Page images
PDF
EPUB

BANK CIRCULATION—PAST AND PRESENT. According to the report of the Secretary of the Treasury for the year ending June, 1861, the circulation of all the banks in the United States was, in 1856–57, $214,778,822; in 1857–58, $155,208,344; in 1858– '59, $193,306,818; in 1859-'60, $207,102,477; in 1860-'61, $202,005,767.

This circulation, for the year ending June, 1861, was divided as follows:

Eastern States......
Middle States........
Southern States......
Southwestern States...
Western States........

$44,991,285
52,873,851
39,552,760
34,600,785
29,987,086

Total............................. $202,005,767 Thus it will be seen that for the Middle, Eastern and Western States, the circulation was about $128,000,000 at that time. To compare, then, the present with the past, let us take the returns we have given in our bank tables this month, and we will form a pretty correct idea of our present position. First, as to the Eastern States, we have

Increase. $197,351

New Hampshire.....
Rhode Island........
Massachusetts........

Circulation June, 1861. Circulation June, 1862.

$2,985,894 $3,183,255
May, 1862.

Nov, 1862.
1,979,828 4,264,400
April, 1862,

Nov., 1862. 19,671,000 27,559,183

2,982,420 7,888,183

of East'n States.

Total...........

$24,636,722 $35,006,838 $11,067,954 In, therefore, these three Eastern States there has been an increase, as will be seen, of about 45 per cent. Taking this as the probable rate of increase in the other Eastern States and we have a circulation from that source as follows:

June, 1861. Increase 45 p. C. Pres't circulation Circulation of Eastern States, $44,991,285 $20,246,018 $65,237,303

Next look at the returns of the Middle States given in our bank tables. We havem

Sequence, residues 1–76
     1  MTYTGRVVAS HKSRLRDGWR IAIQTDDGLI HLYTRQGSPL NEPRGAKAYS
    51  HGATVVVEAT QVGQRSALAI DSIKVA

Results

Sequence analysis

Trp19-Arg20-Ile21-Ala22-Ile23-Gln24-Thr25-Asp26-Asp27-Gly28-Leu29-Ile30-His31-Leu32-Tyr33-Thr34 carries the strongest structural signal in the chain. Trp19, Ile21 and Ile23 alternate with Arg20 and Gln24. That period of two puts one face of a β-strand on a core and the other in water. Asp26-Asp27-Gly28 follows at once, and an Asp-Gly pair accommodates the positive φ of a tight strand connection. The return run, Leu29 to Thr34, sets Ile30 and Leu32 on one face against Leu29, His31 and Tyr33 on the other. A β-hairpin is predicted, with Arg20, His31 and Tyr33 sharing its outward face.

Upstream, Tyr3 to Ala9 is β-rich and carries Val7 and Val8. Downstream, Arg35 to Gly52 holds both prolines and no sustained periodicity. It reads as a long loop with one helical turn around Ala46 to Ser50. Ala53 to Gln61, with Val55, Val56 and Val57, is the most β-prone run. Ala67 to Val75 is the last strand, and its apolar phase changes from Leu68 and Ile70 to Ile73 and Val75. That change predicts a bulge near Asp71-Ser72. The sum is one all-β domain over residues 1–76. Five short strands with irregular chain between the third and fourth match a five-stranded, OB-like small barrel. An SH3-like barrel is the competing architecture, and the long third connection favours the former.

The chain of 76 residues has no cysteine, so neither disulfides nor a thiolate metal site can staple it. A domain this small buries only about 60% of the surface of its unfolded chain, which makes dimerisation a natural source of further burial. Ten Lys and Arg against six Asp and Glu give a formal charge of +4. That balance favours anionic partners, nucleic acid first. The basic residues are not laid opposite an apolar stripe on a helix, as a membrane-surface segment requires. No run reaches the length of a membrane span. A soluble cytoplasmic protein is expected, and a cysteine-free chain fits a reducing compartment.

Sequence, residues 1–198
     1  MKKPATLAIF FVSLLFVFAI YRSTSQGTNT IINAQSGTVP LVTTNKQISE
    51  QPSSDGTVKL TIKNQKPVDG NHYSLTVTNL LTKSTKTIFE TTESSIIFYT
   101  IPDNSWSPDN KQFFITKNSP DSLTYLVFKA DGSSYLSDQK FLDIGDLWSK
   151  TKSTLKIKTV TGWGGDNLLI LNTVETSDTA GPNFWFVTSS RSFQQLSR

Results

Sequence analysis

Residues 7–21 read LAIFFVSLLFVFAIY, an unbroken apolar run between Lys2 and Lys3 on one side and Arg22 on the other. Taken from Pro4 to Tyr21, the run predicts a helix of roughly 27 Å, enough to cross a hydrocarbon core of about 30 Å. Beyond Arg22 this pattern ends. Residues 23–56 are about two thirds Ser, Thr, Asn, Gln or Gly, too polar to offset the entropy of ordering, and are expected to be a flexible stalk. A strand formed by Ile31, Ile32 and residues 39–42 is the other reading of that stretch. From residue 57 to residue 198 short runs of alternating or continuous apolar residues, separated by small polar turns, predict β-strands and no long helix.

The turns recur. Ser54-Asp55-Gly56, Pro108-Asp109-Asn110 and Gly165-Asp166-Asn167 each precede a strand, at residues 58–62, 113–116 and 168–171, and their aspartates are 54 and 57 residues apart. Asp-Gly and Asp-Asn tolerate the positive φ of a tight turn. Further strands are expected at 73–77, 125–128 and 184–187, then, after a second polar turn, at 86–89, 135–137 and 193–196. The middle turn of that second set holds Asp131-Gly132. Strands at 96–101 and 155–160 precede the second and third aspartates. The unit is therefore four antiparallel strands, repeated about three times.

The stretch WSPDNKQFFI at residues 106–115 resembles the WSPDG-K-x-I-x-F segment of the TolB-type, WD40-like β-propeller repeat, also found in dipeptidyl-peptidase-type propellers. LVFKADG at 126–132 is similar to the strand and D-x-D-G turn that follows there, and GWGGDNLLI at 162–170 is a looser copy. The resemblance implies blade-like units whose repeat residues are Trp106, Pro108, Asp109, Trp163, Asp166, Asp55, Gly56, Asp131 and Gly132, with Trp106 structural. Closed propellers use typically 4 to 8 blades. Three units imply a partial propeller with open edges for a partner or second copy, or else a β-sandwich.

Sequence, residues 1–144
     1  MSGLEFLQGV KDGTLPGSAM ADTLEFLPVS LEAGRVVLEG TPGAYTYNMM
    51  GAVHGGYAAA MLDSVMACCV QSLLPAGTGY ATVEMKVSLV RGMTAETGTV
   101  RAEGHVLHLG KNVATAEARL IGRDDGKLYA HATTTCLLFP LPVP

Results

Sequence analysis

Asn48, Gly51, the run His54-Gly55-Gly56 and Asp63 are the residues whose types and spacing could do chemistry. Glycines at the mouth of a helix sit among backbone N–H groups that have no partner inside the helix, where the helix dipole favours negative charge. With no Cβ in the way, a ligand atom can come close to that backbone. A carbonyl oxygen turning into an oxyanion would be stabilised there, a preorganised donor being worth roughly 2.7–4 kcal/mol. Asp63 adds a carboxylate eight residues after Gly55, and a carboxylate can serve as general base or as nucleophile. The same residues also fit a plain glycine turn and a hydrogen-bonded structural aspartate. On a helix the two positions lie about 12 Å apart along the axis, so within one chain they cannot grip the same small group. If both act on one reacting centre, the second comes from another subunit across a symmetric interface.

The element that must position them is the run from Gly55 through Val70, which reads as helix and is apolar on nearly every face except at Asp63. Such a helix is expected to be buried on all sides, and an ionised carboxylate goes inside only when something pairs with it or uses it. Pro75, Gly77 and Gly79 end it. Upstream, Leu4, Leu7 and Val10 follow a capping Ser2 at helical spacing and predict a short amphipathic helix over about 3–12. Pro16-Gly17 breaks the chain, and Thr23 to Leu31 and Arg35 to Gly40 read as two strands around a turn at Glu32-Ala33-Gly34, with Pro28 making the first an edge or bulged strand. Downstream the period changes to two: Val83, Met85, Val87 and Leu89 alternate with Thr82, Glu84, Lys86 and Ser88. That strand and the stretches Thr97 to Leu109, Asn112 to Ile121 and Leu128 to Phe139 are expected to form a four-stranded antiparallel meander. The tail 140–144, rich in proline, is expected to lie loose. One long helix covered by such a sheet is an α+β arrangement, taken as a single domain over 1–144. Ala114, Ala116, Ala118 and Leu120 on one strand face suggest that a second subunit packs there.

Circulat'n Jan., 1861. Circulat'n Sept., 1862. Increase. New York City and State... $28,239.950 $37,557,373 $9,317,423 New Jersey............... 4,164,799 8,124,528 3,959,729 Pennsylvania Banks......... 15,830,033 22,550,000 6,719,967

Total. ......... $48,234,782 $68,231,901 $19,997,119

Here the increase will be found to be about 41 per cent. Taking the same rate of increase in all thə Middle States and we have a circulation from that source as follows:

June, 1861. Increase. Pres't circulat'n of Circulation of Middle States $52,873,851 $21,678,278 $74,552,129

Middle States.

By the above it will be seen that these three States of New York, New Jersey and Pennsylvania issued, in 1861, all but $6,000,000 of the circulation then issued by the Middle States, and that the States of New Hampshire, Rhode Island and Massachusetts issued nearly two-thirds of the circulation of the Eastern States. Hence the calculation we have made as to the circulation of the banks of all the Eastern and Middle States, based upon the present and past circulation of the banks of the States named, may be considered perfectly reliable.

As to the circulation of the Western States, our figures are not as recent as we could wish, and we have not attempted therefore to give their returns in full. Yet from the data we have, there can be no doubt but that their percentage of increase has at least been as great as the other portions of our country. Putting this increase of the Western States at 41 per cent, we have the following statement in full of our present bank circulation :

Circulation June, 1861. Increase. Present circulation, Eastern States.... $44,991,285 $20,246,018 $65,237,303 Middle States..... 52,873,851 21,678,278 74,552,129 Western States..... 29,987,086 14,987,052 44,974,138

[merged small][merged small][ocr errors][merged small]

The amount of paper issued by the government is $200,000,000 or more. Of this, however, probably $50,000,000 is held as a reserve by the banks and is not in circulation. We may conclude, therefore, that the following is a pretty correct estimate of the present circulation in the North :

Amount issued by the banks, as above...............
Amount issued by government, and now in circulation..

$184,763,570 150,000,000

Total circulation at the present time............

June, 1861.......

[ocr errors]

· COMMERCIAL CHRONICLE AND REVIEW.

SIGNS OF RECOVERY-PAPER MONEY-ARREARS-CASH BUSINESS-DEMAND FOR MONEY--IMPORTS